The panoramic radiograph showed transmigration of the mandibular right canine, a severely impacted left canine, and congenitally missing mandibular second premolars ( Fig 3 ). The oral radiologist reported a large radiolucent area arising from the cementoenamel junction of the impacted canines and recommended further evaluation with CBCT. A CBCT scan (6-in field of view, voxel size of 0.2 mm, exposure time of 10 seconds) was acquired. The impacted canine crowns were located labially, inferior to the apices of the mandibular incisors, and the crowns were surrounded by a well-defined round corticated radiolucent area. The radiolucent lesion from both impacted canines formed 1 large lesion with the greatest diameters of 14.2 mm vertically and 8.2 mm horizontally. The border of the lesion was attached to the cementoenamel junction of both impacted canines, and the radiographic features of the lesion suggested a dentigerous cyst ( Fig 4 , A-C ).

Fig 4
CBCT images depicting the positions of the mandibular canines: A, volumetric frontal view, and B, mandibular occlusal view showing the positions of the mandibular canines; C-E, axial, sagittal, and coronal views showing the impacted mandibular canines with the dentigerous cyst outline.

Treatment objectives

The primary treatment objectives were to (1) address her chief complaint of bringing the impacted canines into the arch, (2) replace the missing mandibular premolars with autotransplantation on the right and molar protraction on the left, (3) maintain the facial profile, and (4) achieve a normal overbite.

Treatment objectives

The primary treatment objectives were to (1) address her chief complaint of bringing the impacted canines into the arch, (2) replace the missing mandibular premolars with autotransplantation on the right and molar protraction on the left, (3) maintain the facial profile, and (4) achieve a normal overbite.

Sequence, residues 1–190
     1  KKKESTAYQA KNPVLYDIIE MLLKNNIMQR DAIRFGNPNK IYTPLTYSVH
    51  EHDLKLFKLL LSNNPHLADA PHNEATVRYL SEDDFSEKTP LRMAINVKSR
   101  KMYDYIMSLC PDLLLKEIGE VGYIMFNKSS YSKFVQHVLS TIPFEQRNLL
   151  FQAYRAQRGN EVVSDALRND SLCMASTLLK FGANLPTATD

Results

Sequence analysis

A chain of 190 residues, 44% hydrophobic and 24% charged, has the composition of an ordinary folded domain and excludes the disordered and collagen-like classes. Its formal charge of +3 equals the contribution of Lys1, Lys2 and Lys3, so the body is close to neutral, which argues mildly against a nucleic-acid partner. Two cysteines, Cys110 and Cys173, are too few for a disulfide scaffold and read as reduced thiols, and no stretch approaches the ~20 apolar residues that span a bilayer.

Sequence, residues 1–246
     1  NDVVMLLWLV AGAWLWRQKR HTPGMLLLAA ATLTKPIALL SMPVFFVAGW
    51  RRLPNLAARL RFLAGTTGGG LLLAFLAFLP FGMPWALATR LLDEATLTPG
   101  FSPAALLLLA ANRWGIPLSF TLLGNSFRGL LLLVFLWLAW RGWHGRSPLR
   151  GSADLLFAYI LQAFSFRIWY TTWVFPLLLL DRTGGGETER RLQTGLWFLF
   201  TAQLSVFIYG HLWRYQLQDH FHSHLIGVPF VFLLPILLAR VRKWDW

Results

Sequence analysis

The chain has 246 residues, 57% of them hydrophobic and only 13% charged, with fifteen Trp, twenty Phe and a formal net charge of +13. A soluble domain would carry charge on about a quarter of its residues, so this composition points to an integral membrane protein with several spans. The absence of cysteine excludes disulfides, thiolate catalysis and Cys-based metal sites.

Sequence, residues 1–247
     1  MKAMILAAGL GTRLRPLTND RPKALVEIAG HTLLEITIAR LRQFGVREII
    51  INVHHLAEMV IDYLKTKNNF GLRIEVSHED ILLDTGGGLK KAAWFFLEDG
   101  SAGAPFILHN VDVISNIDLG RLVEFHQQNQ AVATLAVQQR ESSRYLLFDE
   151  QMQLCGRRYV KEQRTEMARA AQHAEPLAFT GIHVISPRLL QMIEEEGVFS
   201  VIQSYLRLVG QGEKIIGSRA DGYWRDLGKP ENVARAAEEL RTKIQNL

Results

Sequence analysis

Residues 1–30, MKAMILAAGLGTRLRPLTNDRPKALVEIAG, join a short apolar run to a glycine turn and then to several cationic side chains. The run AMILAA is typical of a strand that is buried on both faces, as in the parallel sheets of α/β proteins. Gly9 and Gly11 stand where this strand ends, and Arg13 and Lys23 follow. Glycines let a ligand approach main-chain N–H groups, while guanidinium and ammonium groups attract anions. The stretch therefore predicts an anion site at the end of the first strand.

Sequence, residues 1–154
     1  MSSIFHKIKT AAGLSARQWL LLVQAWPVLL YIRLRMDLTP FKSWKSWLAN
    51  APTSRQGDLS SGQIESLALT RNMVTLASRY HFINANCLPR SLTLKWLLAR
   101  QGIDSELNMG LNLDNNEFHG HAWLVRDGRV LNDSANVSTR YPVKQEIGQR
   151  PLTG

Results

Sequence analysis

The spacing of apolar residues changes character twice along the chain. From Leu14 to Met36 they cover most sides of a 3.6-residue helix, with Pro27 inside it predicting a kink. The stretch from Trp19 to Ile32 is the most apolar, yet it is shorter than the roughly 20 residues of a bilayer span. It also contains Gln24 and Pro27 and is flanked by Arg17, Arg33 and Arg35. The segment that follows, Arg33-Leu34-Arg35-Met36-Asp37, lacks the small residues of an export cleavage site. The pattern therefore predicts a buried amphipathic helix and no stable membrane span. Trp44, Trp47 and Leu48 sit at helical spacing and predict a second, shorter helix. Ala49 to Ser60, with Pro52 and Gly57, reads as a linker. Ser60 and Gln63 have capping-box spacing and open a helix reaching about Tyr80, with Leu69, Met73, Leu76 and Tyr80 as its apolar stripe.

Treatment alternatives

The first alternative was extraction of the transmigrated mandibular right canine, bringing the mandibular left canine into the arch and retaining the mandibular deciduous second molars. However, with this approach, an implant-based restoration would be needed for the extracted mandibular right canine after completion of growth. Additionally, predicting the long-term survival of the mandibular deciduous second molars is difficult, although their average survival rate has been reported to be more than 90%. However, if the deciduous second molars were lost, at least 1 additional implant-based single crown might have been necessary, increasing the costs to the patient. Furthermore, an implant for the extracted transmigrated canine or significant protraction of the buccal segment would be required for an ideal occlusion.

The second alternative was extraction of the transmigrated mandibular right canine, bilateral extractions of the mandibular deciduous second molars, autotransplantation of the maxillary right canine to the position of the missing mandibular right canine, and eruption of the mesioangularly impacted mandibular left canine into the arch. Additionally, we would enhance the protraction of autotransplanted tooth and the posterior mandibular segment by 4 to 5 mm to close the extraction space of the mandibular right canine. Space closure of the mandibular left deciduous second molar would be accomplished by protraction of the mandibular left first molar. This biologic treatment approach would eliminate the need for prosthetic replacement, and the treatment plan could be executed irrespective of the patient’s growth status.